Check out the Orange County ACA website at: Orange County Adult Children

5 comments:

sparky said...

I am glad to see mention of the Adult Children of Alcoholics World Service Organization, Inc.

Sadly, my experience with ACA WSO and the adultchildren.org website has not been so healing actually just the opposite.

After pointing out a few of what I felt were 'very serious'Tradition violations, one ACA WSO board meber with his picture in a NOCOA news article and another ACA WSO board member with a direct link on her personal therapy homepage claim "proffesional affiliations' to ACA WSO.

Then I was then banned from the ACA WSO site.I had also been trying to form a healthy group conscience with other ACA forum members but stopped.

I have personally found the internet and the adultchildren.org website monitors dangerous,what a dangerous place for people "I feel" with un-resolved control issues to be in charge of others ACA's in recovery.Addicted to control?

This current rebuilding of ACA WSO sure is taking a while and the ACA WSO board is merely at half capacity. I hope others can get involved. Currently for this ACA getting involved in ACA service work and speaking up has been extremely dangerous for my inner child. I am still spending time in therapy for what I feel has been major ACA WSO ABUSE.

Sadly, I had assumed it to be true when I heard in aca "we will love and accept you no matter what."

Learning more every day about addressing "control and conflict" and using my voice to speak out.

Thanks for listening,

Sparky

ACOA said...

Thanks, Sparky.

I do not know much about the inner workings of the WSO or the people therein.

In my own scant dealings with the WSO, it became apparent to me that ACAs and ACOAs extend their dysfunction into all aspects of their lives including careers and/or volunteer work, even if it is to support an effort to eradicate dysfunction! I had somehow expected MORE out of those that purported to bolster this recovery movement. That, as members of the inner circle, they would have more answers and less dysfunction.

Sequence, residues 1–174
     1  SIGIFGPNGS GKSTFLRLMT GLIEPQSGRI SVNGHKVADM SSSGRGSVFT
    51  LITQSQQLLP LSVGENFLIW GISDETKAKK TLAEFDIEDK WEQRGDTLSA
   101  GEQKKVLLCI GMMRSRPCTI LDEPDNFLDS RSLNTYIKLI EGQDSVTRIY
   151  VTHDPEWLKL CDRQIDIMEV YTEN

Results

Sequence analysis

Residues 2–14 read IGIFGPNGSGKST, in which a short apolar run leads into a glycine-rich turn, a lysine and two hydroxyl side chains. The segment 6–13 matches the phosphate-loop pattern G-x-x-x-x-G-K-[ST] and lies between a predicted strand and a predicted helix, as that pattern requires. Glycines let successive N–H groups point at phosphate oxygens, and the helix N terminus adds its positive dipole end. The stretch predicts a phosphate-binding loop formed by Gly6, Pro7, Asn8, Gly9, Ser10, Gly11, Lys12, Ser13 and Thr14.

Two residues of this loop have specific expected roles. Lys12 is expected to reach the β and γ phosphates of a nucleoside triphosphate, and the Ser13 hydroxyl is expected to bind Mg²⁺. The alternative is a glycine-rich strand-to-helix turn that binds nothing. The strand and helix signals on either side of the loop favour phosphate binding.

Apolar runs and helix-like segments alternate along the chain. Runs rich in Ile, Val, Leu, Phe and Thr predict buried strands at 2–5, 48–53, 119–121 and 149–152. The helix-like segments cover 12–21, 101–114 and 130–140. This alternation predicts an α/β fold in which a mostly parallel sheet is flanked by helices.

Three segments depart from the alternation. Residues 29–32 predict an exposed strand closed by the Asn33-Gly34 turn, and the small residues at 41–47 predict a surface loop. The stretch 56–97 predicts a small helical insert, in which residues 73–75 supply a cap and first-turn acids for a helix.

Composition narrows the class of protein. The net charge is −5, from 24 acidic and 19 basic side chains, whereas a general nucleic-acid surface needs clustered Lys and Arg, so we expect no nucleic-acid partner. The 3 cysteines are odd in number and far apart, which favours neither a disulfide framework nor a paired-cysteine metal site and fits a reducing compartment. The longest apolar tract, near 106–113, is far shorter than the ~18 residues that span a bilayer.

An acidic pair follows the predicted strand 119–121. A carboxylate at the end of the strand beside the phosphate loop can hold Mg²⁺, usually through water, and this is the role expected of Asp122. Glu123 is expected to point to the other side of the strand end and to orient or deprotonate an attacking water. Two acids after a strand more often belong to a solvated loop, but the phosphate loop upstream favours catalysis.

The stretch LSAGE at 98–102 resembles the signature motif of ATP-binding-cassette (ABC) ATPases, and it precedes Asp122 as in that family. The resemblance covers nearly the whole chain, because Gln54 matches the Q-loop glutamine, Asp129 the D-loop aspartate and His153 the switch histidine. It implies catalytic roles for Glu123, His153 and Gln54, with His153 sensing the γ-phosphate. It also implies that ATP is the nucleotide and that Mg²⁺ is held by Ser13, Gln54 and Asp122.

Looking back I think that was an unreasonable expectation. So while I'm disappointed by your revelation I'm not surprised.

Hope you can find a safe support group. Perhaps a face to face one may not be so impersonal and dismissive.

sparky said...

I am sorry to sound so pessimistic. I for one can not say the ends justifies the means. It will all work out one day I suppose.

It will take a while to process what happened to me in a healthier way and I suppose as they say, "If I don't want to continue to be a doormat I have to learn to get up off the floor."

I suppose I will actually thank them for fueling my passion one day.

This in no way reflects the gratitude I have for the wonderful service provided here.

I have been particularly found of this Marty S. presentation ever since I first saw it in early 2008.

It was quite shocking to realize that not only was I a neglected child but also a neglected infant. This presentation has helped me to take my reparenting more seriously, meeting my Basic Five etc...

Marty S. also presented the Basic Five in The Crime Scene Reconstruction around the same time the ACA Text was published but it did not make it into it the text.

For others interested the "ACA Schematic" with the Basic Five and alot more can also be found by copying and pasting this link:

http://www.responsesidetherapy.com/html/Schematic_pg_1.html

Thank You ACOA for all your service

Anonymous said...

I must say that reading this article is tremendously encouraging. I have at times felt crazy over the "inner drugs" of fear, abandonment and control which were passed unto me from the non-addicted parent. In fact the non addicted parent was and is very addicted. My mom who is now in the early stages of dementia and possibly Alzheimers was a very prominent part of the dysfunction of my upbringing and as my addicted father passed 10 years ago I now am focused on her influence (not to blame but to become aware of the contributions she made). Its interesting to move into this time of my life and realize that my 20 years of ACA work has given me the tools to navigate the pain and stress of lifes transitions.

David George said...

Hi there... a great place,,, lots of potential...